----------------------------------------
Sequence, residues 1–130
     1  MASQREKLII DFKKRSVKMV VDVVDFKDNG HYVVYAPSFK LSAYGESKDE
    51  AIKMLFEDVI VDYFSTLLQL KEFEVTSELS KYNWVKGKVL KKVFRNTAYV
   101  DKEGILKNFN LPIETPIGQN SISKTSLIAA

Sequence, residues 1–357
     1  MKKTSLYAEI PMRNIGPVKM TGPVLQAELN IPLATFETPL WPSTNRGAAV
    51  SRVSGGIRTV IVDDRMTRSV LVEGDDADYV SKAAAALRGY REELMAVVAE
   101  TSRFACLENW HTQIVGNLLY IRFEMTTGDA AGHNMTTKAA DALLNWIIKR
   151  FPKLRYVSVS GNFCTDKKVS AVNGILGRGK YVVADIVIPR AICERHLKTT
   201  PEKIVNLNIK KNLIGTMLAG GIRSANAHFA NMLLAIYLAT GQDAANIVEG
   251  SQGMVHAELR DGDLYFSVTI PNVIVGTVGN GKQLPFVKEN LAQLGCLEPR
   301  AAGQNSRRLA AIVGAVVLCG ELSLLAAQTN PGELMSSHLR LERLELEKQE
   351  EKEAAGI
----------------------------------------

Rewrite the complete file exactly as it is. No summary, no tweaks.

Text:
Sequence, residues 1–130
     1  MASQREKLII DFKKRSVKMV VDVVDFKDNG HYVVYAPSFK LSAYGESKDE
    51  AIKMLFEDVI VDYFSTLLQL KEFEVTSELS KYNWVKGKVL KKVFRNTAYV
   101  DKEGILKNFN LPIETPIGQN SISKTSLIAA

Sequence, residues 1–357
     1  MKKTSLYAEI PMRNIGPVKM TGPVLQAELN IPLATFETPL WPSTNRGAAV
    51  SRVSGGIRTV IVDDRMTRSV LVEGDDADYV SKAAAALRGY REELMAVVAE
   101  TSRFACLENW HTQIVGNLLY IRFEMTTGDA AGHNMTTKAA DALLNWIIKR
   151  FPKLRYVSVS GNFCTDKKVS AVNGILGRGK YVVADIVIPR AICERHLKTT
   201  PEKIVNLNIK KNLIGTMLAG GIRSANAHFA NMLLAIYLAT GQDAANIVEG
   251  SQGMVHAELR DGDLYFSVTI PNVIVGTVGN GKQLPFVKEN LAQLGCLEPR
   301  AAGQNSRRLA AIVGAVVLCG ELSLLAAQTN PGELMSSHLR LERLELEKQE
   351  EKEAAGI